Internet culture thrives on immediate gratification. Webcomics and blogs provide readers with the information or joke they desire in less than a couple minutes, and the more quickly the site can deliver the message or punchline, the more popular it becomes. Flash fiction (self-contained stories between 250-1000 words) is the next logical step.
Science fiction has a long tradition of being a black sheep when it comes to literature. Due to its early success in the pulp magazine market, people consider scifi to be a mass-produced, audience-driven genre that is more concerned with satisfying its readers than creating art. It’s whimsical and fun, the way a blockbuster movie is, and like a blockbuster movie’s audience, many readers of scifi are looking for a quick thrill. The flash fiction format makes it easy to deliver the thrill of a new universe in under five minutes; however, neither the brevity of the form nor scifi’s reputation as a guilty pleasure actually interferes with its purpose as art. I equate writing ‘literary’ science fiction with being a ninja: if you’re good, the reader doesn’t know you’re good until it’s too late. If you’re really, really good, they possibly never will.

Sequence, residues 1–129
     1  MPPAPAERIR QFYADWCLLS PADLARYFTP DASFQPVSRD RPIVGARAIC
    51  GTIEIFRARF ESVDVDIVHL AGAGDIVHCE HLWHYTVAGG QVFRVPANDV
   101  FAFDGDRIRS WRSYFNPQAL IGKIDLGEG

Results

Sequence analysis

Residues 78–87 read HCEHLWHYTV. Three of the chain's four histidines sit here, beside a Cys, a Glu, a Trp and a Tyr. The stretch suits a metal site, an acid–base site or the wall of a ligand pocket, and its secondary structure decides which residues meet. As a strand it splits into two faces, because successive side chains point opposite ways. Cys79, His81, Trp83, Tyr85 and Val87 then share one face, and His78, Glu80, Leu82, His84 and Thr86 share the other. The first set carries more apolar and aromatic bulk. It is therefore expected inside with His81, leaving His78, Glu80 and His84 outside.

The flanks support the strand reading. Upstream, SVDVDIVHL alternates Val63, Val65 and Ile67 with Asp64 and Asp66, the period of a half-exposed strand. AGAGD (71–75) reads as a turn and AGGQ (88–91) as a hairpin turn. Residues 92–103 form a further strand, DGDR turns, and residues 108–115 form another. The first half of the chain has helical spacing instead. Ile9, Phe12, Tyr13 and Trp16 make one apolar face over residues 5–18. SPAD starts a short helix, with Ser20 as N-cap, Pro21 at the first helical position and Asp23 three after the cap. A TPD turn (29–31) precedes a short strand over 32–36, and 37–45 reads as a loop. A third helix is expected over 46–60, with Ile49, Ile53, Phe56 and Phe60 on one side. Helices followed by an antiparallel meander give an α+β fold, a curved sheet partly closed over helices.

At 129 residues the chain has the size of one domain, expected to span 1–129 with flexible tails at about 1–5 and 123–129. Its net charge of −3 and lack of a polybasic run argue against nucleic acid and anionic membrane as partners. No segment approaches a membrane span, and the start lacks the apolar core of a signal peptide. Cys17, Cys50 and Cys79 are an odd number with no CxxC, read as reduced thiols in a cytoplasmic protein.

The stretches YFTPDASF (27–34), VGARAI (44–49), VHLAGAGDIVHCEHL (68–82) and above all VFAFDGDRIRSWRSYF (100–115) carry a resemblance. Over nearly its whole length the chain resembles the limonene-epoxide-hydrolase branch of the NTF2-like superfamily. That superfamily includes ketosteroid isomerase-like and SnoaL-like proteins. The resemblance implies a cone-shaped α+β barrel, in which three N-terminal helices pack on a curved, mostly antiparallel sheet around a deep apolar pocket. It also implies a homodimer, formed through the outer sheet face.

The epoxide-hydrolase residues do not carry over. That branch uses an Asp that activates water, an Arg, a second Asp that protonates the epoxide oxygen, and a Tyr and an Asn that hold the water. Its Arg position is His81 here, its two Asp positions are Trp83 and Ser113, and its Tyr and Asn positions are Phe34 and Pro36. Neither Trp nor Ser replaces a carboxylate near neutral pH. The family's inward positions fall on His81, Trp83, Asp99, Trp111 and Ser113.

Anyways, go check out my daily flash fiction website at www.365tomorrows.com. We ‘publish’ a wide variety of scifi, from the strictly conventional to the stylized and experimental, so there’s something for everyone. Go ahead and submit something or join us in the forums.
I’d encourage anyone who wants to send us a story to read back a few weeks to get a feel for what kind of things we print (a good rule in general, when submitting). I generally consider the site to be R-rated, but we have occasionally turned down stories for being too explicit (when we do this to a story we’d otherwise accept, we’ll explain our reasons in the rejection letter and encourage resubmission). If you have any questions, you can respond in the comments or drop me an email.
Here are the two stories I read in class:
This is the story that made the website take off, thanks to boingboing and a few minor slashdottings.
We also have a podcast, which you can find here, though updates are sporadic.